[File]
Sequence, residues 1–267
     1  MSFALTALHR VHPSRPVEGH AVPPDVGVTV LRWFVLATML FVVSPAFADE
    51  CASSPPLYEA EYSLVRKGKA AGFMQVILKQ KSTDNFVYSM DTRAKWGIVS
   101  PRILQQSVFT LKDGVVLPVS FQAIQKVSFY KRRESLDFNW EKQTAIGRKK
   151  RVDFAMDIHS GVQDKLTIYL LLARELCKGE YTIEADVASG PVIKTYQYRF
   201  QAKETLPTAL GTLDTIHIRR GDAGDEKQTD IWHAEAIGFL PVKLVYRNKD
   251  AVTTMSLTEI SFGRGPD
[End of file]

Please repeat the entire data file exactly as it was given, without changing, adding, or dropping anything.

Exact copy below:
Sequence, residues 1–267
     1  MSFALTALHR VHPSRPVEGH AVPPDVGVTV LRWFVLATML FVVSPAFADE
    51  CASSPPLYEA EYSLVRKGKA AGFMQVILKQ KSTDNFVYSM DTRAKWGIVS
   101  PRILQQSVFT LKDGVVLPVS FQAIQKVSFY KRRESLDFNW EKQTAIGRKK
   151  RVDFAMDIHS GVQDKLTIYL LLARELCKGE YTIEADVASG PVIKTYQYRF
   201  QAKETLPTAL GTLDTIHIRR GDAGDEKQTD IWHAEAIGFL PVKLVYRNKD
   251  AVTTMSLTEI SFGRGPD